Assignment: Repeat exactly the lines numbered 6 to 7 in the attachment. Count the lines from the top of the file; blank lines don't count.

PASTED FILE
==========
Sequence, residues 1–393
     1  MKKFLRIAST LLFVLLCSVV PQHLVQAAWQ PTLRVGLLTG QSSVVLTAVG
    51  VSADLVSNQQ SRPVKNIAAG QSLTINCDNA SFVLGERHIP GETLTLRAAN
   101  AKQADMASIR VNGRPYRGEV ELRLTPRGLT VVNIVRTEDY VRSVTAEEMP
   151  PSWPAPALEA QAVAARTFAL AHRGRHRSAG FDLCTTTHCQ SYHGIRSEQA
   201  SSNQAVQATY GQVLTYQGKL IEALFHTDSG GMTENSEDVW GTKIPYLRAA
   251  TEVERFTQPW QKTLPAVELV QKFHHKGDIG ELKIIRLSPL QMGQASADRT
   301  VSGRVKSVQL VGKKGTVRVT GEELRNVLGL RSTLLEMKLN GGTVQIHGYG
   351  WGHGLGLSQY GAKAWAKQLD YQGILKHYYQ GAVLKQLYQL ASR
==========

   201  SSNQAVQATY GQVLTYQGKL IEALFHTDSG GMTENSEDVW GTKIPYLRAA
   251  TEVERFTQPW QKTLPAVELV QKFHHKGDIG ELKIIRLSPL QMGQASADRT